I have been heavily involved in the fitness industry, at least in some capacity, for many years. I spent four years as a collegiate runner at the division one level, and it proved to be an incredibly formative time in my life.
I gained more knowledge about endurance running, strength training, and nutrition than I ever could have imagined I would. There was a seemingly endless stream of resources available at my disposal, and I tried to make the most of these learning opportunities.
Interestingly enough, one of the most crucial lessons I learned through four years of competing as a division one athlete had absolutely nothing to do with diet or exercise.
In reality, many of the top athletes have already fine tuned their workouts and nutrition to become the fittest, healthiest individuals they can be. What really separates the good from the great are the tiny habits that impact health and fitness in significant ways.
The following are three such habits I adopted in college that ultimately boosted my mental and physical health. I no longer compete at an elite level, but I continue to practice these habits today because they impact my life in positive ways.
1. I spend more time doing this.
Even when I was in college, I made it a priority to call my family every week. Although my schedule was incredibly busy, I found a way to squeeze in a phone call with my dad or a conversation over text with my mom, even if I had to do so while walking to class.
Before I went to college and lived on my own, I didn’t realize just how much my family really did for me. I think it can be very easy to take someone for granted when you are around them all the time.
When you no longer live under the same roof as your loved ones, you really have to put in the extra effort to communicate with them often.
I think that spending more time with the ones you love, whether it be in-person or through telephone calls, text messages, and emails, will improve your overall health and happiness in meaningful ways.
2. I put this first.
When I was in high school, I never felt like I got enough sleep. I never woke up on my own for school, and I was always dragging for the first few hours of each morning.
After I headed off to college, I quickly learned that I need to prioritize sleep above most other things. I simply wouldn’t have been able to succeed in academics or athletics without doing so.
Since I had 6 AM workouts a few times per week, I got into the habit of crawling into bed by 9 PM. If I wasn’t tired, I would watch a television show for 30–45 minutes and then try to doze off. I consistently got around 8 hours of sleep each night, and doing so helped me become a better student and athlete.
On the few occasions that I broke my own rule of putting sleep first to complete a project or homework assignment, it only backfired on me. I ended up sick or I was too tired to think optimally. Had I just went to bed and revisited the assignment the next morning with a fresh mind, I would have been far better off.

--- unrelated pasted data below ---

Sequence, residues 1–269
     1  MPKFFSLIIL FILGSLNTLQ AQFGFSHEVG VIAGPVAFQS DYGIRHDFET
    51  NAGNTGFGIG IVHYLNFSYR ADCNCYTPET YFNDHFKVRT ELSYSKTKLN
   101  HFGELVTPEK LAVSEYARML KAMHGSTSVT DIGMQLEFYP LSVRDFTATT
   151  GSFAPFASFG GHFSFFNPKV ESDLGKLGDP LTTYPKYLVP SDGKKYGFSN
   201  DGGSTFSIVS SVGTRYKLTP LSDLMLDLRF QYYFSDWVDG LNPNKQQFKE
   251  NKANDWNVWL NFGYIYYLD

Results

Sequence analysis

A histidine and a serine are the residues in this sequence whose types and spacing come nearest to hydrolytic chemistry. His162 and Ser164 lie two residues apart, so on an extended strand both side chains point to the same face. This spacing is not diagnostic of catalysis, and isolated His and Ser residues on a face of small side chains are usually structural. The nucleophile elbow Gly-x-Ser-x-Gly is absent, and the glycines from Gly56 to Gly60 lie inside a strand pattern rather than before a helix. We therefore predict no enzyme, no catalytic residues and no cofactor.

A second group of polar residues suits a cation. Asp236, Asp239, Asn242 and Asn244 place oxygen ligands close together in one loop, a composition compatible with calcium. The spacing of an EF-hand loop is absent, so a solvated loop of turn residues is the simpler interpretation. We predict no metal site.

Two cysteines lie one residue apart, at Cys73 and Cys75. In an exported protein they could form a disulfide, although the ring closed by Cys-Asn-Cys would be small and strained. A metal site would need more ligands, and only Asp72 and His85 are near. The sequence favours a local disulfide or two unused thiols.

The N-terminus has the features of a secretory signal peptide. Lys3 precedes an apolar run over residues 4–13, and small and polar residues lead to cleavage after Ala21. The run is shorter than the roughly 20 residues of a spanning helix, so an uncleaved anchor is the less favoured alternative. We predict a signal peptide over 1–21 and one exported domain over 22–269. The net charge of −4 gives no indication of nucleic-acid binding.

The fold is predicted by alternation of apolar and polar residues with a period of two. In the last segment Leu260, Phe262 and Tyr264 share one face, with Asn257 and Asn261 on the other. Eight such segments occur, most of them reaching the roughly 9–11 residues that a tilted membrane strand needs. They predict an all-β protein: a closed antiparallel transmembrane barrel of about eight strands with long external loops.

To this day, consistent, high quality sleep remains one of the most integral parts of my healthy lifestyle. It is a tiny yet significant health habit that you should not overlook.
3. I let go of these.
After I finally let go of expectations for myself that were simply unachievable, my mental and physical health both improved significantly.
Now, don’t get me wrong. I think it is important to set a few big, audacious goals for yourself, even if you don’t expect to reach them. However, if all of your goals are so unrealistic that they make any win you experience feel like a failure, you might need to let go of certain expectations to improve your mental and physical health.
When I was in college, I put so much pressure on myself academically that I never got to appreciate the opportunity I was provided to learn about topics that interested me, such as coding and circuits.
Rather than viewing every piece of homework as a test of my intelligence and self worth, I should have just seen each assignment as a learning experience, no matter the outcome.
With all that being said, it is crucial to balance your expectations by setting some realistic, achievable goals along with a reach goal that might be unobtainable right now. That way, you will be able to celebrate your small successes as you continue to work towards your larger dream.
I think there is a common misconception that you can’t live a healthier, happier life unless you make drastic, immediately noticeable changes to your life.
In reality, the tiny, seemingly insignificant changes can add up to create huge results if you are patient enough and trust in the process.
Health is not some end goal that you can simply achieve and check off your master to-do list. It is an ongoing journey that you must re-commit to every single day. So when tomorrow morning rolls around, I ask you this — which path will you choose?